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Tajikistan: Voters Will Choose President, Change Constitution

  • Bruce Pannier



The last in our four-part series on Central Asian elections looks at Tajikistan, where voters will be casting ballots next month in a constitutional referendum, as well as for a new president in November.

Prague, 4 August 1999 (RFE/RL) -- Voters in Tajikistan will go to the polls twice this autumn, once in a national referendum in September to approve changes to the constitution and again sometime before November 6 to choose a president.

Preparations for the referendum are already well underway, while the presidential race has been largely ignored so far. The elections are the first since the end of the country's five-year civil war in 1997.

In the referendum, voters will be asked to validate changes to the constitution as required by the 1997 peace accord that ended the civil war. The current constitution was approved two years into the war and totally excluded input from the main opposition group, the United Tajik Opposition (UTO).

The National Reconciliation Commission is charged with working out referendum wording acceptable to both the government and the opposition. While details of the referendum are not known, the commission has forwarded proposals to parliament. These include asking voters to approve a longer term in office for the president and the creation of a bi-cameral parliament.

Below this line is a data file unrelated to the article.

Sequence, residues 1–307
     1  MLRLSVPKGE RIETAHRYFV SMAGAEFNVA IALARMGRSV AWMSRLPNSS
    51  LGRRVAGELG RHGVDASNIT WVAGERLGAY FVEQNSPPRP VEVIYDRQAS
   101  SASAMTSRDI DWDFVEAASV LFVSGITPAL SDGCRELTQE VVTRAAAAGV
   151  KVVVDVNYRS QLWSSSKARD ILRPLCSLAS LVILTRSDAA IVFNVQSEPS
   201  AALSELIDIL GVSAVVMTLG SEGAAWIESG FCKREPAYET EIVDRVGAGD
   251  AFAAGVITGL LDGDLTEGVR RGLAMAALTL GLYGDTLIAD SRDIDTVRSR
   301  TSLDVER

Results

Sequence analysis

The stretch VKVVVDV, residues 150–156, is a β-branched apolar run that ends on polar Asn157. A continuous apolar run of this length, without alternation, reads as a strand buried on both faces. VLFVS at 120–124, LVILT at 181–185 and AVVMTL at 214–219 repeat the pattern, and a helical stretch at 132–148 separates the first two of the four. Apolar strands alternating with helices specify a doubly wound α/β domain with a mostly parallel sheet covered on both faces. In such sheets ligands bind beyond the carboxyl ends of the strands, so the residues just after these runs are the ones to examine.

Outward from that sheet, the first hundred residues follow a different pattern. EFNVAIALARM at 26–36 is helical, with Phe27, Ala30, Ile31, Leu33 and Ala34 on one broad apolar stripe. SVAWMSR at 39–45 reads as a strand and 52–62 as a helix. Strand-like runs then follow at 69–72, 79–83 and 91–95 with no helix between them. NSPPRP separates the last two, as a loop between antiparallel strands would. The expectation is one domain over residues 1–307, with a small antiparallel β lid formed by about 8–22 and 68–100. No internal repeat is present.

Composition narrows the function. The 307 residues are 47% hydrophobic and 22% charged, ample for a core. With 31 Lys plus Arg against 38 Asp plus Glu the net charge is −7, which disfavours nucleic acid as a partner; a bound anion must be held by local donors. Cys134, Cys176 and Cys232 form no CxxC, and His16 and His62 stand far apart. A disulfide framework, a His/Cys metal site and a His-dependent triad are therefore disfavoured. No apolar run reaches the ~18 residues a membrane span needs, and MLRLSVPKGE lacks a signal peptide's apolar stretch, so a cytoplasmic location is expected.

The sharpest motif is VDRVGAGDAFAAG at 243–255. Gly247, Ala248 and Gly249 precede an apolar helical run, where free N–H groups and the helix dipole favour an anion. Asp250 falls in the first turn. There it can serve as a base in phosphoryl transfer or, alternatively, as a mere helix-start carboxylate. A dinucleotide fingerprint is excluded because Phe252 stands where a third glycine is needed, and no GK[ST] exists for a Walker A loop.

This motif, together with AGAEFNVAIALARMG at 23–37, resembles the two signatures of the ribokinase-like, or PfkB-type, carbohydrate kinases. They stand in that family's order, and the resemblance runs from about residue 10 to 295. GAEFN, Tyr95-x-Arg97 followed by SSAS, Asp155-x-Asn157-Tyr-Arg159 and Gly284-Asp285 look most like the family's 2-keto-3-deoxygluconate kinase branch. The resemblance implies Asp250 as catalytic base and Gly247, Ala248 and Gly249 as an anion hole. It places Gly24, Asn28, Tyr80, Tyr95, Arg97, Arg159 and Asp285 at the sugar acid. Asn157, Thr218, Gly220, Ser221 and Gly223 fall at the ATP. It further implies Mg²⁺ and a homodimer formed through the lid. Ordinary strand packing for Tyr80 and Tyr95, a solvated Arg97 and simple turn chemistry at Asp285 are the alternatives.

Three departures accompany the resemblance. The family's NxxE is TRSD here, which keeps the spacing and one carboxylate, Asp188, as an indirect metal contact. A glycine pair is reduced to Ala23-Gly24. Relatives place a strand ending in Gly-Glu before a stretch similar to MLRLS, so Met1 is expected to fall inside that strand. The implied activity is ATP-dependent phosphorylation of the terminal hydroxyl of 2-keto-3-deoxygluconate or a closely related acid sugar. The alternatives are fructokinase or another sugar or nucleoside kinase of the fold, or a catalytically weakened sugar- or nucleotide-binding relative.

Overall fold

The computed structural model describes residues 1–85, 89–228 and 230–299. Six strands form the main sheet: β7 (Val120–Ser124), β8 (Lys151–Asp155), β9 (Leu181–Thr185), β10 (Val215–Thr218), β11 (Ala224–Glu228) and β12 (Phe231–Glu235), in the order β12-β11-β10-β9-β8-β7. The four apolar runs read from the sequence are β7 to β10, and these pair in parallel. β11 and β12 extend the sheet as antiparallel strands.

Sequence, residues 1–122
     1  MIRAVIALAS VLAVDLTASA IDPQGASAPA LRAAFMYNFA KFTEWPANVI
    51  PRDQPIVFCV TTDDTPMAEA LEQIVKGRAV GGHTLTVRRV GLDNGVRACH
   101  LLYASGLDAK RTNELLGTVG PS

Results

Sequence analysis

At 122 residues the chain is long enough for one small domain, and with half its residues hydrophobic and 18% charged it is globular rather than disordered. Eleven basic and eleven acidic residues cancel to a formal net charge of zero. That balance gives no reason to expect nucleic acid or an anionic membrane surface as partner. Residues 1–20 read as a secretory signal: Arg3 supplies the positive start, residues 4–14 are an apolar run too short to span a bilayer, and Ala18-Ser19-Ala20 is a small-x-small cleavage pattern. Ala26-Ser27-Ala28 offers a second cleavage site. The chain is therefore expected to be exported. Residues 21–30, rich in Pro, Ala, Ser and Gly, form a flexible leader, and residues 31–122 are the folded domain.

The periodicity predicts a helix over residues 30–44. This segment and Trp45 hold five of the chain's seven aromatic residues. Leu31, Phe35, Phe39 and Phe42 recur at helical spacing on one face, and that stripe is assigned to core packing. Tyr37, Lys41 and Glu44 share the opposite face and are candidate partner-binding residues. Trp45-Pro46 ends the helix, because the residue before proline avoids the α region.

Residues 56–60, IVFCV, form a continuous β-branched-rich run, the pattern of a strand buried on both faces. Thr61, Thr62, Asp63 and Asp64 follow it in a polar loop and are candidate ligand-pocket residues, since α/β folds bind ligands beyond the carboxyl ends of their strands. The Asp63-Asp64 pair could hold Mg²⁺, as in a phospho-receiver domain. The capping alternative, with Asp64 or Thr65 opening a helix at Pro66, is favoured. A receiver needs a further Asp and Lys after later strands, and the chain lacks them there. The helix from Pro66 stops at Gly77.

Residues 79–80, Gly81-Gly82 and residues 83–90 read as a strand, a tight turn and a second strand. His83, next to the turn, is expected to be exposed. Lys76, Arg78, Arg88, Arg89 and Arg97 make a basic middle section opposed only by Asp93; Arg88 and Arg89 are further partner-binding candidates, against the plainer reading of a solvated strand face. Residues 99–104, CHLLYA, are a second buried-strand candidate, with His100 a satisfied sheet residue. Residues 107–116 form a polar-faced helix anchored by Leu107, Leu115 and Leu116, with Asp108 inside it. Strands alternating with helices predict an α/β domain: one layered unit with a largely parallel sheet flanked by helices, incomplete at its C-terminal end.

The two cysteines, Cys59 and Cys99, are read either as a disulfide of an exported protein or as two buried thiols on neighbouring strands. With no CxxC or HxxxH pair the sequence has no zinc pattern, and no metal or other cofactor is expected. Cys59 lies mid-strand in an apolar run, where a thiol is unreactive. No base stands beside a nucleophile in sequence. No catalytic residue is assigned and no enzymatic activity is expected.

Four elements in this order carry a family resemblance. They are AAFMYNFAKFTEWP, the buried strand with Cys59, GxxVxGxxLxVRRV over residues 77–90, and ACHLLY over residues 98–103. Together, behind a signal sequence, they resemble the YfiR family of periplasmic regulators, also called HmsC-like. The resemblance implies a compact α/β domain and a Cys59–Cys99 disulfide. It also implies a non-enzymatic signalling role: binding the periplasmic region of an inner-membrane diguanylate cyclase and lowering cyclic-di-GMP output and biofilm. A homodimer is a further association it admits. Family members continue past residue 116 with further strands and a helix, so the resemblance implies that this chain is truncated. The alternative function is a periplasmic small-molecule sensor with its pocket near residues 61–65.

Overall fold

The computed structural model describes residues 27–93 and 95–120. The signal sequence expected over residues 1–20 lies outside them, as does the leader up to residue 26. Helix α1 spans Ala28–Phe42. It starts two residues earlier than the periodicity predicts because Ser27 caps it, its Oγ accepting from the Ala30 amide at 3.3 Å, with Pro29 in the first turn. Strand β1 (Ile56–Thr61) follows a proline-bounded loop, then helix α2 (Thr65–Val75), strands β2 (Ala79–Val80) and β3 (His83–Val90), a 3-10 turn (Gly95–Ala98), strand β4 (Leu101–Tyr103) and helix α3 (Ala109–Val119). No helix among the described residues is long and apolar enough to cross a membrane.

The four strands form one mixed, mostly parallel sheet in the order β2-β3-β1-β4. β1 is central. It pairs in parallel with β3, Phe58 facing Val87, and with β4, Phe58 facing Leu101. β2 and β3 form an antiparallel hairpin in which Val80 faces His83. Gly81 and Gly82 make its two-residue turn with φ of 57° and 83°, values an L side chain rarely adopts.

However the proposals are worded, the country's geography poses a potential problem to a free and fair vote. The UTO has said it wants to have at least one representative at every polling station or vote-counting center. This presents a problem, as the country is mountainous and has a poor network of roads. There are also areas in Tajikistan that were never sympathetic to the UTO, creating possible security concerns.

Andrew Ellis is a Central Asian election specialist for the United Nations. In a recent interview with RFE/RL, he said proper implementation of the referendum's changes to the constitution might solve some electoral problems in the future:

"The [changes to the constitution] and the way which they are implemented would work to ensure that political campaigning can be conducted by all participants in a fair and free atmosphere. Violence and intimidation would not bar the parties from putting their views across."

Preparations for the referendum are simple compared with those needed for the presidential election.

President Imomali Rakhmonov has been Tajikistan's leader since 1992 and the winner of a 1994 vote that was marred by irregularities. He is widely expected to seek re-election, though he has not yet made an official announcement. Who will oppose him is unknown.

Ibrahim Usmonov is a Tajik parliamentary deputy and a member of the National Reconciliation Commission. In an interview last week with RFE/RL, Usmonov downplayed the absence of an alternative presidential candidate:

"As to why we don't know about any other candidates, it is still too early to say. Not even the president has declared himself a candidate yet." Running against an incumbent is usually hard, but in Central Asia it is almost impossible. With leaders in other countries in the region successfully using the courts to scare off potential opposition, few individuals have yet to come forward to announce their interest in the post. They may be taking advantage of a Tajik electoral law that prevents criminal cases being opened against declared candidates within the 80-day period prior to the election.

Salimjon Aioubov and Farangiz Najibullah of the Tajik Service contributed to this article.

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